Values: Schwartz theory of basic values

Six main features of values are described:

  1. “Values are beliefs linked inextricably to affect. When values are activated, they become infused with feeling”.
  2. “Values refer to desirable goals that motivate action.”
  3. “Values transcend specific actions and situations. … This feature distinguishes values from norms and attitudes that usually refer to specific actions, objects, or situations.”
  4. “Values serve as standards or criteria. Values guide the selection or evaluation of actions, policies, people, and events. People decide what is good or bad, justified or illegitimate, worth doing or avoiding, based on possible consequences for their cherished values. But the impact of values in everyday decisions is rarely conscious. Values enter awareness when the actions or judgments one is considering have conflicting implications for different values one cherishes.”
  5. “Values are ordered by importance relative to one another. People’s values form an ordered system of priorities that characterize them as individuals.”
  6. “The relative importance of multiple values guides action. Any attitude or behaviour typically has implications for more than one value. … The tradeoff among relevant, competing values guides attitudes and behaviors… Values influence action when they are relevant in the context (hence likely to be activated) and important to the actor.”

The Schwartz theory of basic values identifies “ten basic personal values that are recognized across cultures and explains where they come from.” They are:

  1. Self-Direction - Defining goal: independent thought and action--choosing, creating, exploring.”
  2. "Stimulation - Defining goal: excitement, novelty, and challenge in life."
  3. "Hedonism - Defining goal: pleasure or sensuous gratification for oneself."
  4. "Achievement - Defining goal: personal success through demonstrating competence according to social standards."
  5. "Power - Defining goal: social status and prestige, control or dominance over people and resources."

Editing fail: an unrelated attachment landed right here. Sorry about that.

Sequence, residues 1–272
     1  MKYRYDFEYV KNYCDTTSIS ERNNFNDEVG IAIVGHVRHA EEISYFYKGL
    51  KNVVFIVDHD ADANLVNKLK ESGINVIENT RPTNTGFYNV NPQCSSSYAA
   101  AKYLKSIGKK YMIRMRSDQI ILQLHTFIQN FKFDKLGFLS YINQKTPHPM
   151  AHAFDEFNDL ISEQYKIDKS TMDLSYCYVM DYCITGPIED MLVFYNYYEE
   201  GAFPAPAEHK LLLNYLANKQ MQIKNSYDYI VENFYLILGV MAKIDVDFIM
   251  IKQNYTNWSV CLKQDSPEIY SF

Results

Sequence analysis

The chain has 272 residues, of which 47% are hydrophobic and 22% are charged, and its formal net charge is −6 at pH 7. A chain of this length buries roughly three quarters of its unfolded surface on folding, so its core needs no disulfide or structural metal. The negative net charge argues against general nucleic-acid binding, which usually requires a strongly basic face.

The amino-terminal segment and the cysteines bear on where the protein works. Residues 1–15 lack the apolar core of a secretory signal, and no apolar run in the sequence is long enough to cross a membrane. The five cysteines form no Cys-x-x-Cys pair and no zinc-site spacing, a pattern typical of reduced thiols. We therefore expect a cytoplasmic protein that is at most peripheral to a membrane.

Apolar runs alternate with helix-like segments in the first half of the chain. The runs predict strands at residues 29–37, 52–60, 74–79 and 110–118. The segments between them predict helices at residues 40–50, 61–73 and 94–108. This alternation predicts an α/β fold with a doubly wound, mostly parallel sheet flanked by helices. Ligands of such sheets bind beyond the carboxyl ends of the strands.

6. "Security - Defining goal: safety, harmony, and stability of society, of relationships, and of self."
  7. "Conformity - Defining goal: restraint of actions, inclinations, and impulses likely to upset or harm others and violate social expectations or norms."
  8. "Tradition - Defining goal: respect, commitment, and acceptance of the customs and ideas that one's culture or religion provides."
  9. "Benevolence - Defining goal: preserving and enhancing the welfare of those with whom one is in frequent personal contact (the ‘in-group’)."
  10. "Universalism - Defining goal: understanding, appreciation, tolerance, and protection for the welfare of all people and for nature."

schwartz - theoretical model of relations among ten motivational types of value

The values are organized along two “bipolar dimensions” to “summarize the oppositions between competing values”. As the figure above shows, “one dimension contrasts ‘openness to change’ and ‘conservation’ values. This dimension captures the conflict between values that emphasize independence of thought, action, and feelings and readiness for change (self-direction, stimulation) and values that emphasize order, selfrestriction, preservation of the past, and resistance to change (security, conformity, tradition). The second dimension contrasts ‘self-enhancement’ and ‘self-transcendence’ values. This dimension captures the conflict between values that emphasize concern for the welfare and interests of others (universalism, benevolence) and values that emphasize pursuit of one's own interests and relative success and dominance over others (power, achievement). Hedonism shares elements of both openness to change and self-enhancement.”

“Although the theory discriminates ten values, it postulates that, at a more basic level, values form a continuum of related motivations. This continuum gives rise to the circular structure.”

There are two major methods for measuring the basic values: the Schwartz Value Survey and the Portrait Values Questionnaire.

Reference: Schwartz, S. H. (2012). An Overview of the Schwartz Theory of Basic Values. Online Readings in Psychology and Culture, 2, 1. Online:

Posted: February 2017
Last modified: February 2017

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